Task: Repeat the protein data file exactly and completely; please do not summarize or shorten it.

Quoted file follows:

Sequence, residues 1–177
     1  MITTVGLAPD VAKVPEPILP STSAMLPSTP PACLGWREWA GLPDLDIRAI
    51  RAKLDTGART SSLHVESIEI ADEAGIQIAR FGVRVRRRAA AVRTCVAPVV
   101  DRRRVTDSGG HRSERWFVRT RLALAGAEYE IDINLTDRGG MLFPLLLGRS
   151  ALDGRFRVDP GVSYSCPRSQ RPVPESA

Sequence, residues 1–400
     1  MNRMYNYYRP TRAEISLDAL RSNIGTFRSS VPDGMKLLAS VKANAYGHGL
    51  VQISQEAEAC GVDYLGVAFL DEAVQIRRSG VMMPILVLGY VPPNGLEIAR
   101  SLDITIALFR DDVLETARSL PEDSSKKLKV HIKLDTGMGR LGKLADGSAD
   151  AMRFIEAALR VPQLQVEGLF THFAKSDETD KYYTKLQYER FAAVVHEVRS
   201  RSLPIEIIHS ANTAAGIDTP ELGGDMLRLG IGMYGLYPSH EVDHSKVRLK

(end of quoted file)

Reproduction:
Sequence, residues 1–177
     1  MITTVGLAPD VAKVPEPILP STSAMLPSTP PACLGWREWA GLPDLDIRAI
    51  RAKLDTGART SSLHVESIEI ADEAGIQIAR FGVRVRRRAA AVRTCVAPVV
   101  DRRRVTDSGG HRSERWFVRT RLALAGAEYE IDINLTDRGG MLFPLLLGRS
   151  ALDGRFRVDP GVSYSCPRSQ RPVPESA

Sequence, residues 1–400
     1  MNRMYNYYRP TRAEISLDAL RSNIGTFRSS VPDGMKLLAS VKANAYGHGL
    51  VQISQEAEAC GVDYLGVAFL DEAVQIRRSG VMMPILVLGY VPPNGLEIAR
   101  SLDITIALFR DDVLETARSL PEDSSKKLKV HIKLDTGMGR LGKLADGSAD
   151  AMRFIEAALR VPQLQVEGLF THFAKSDETD KYYTKLQYER FAAVVHEVRS
   201  RSLPIEIIHS ANTAAGIDTP ELGGDMLRLG IGMYGLYPSH EVDHSKVRLK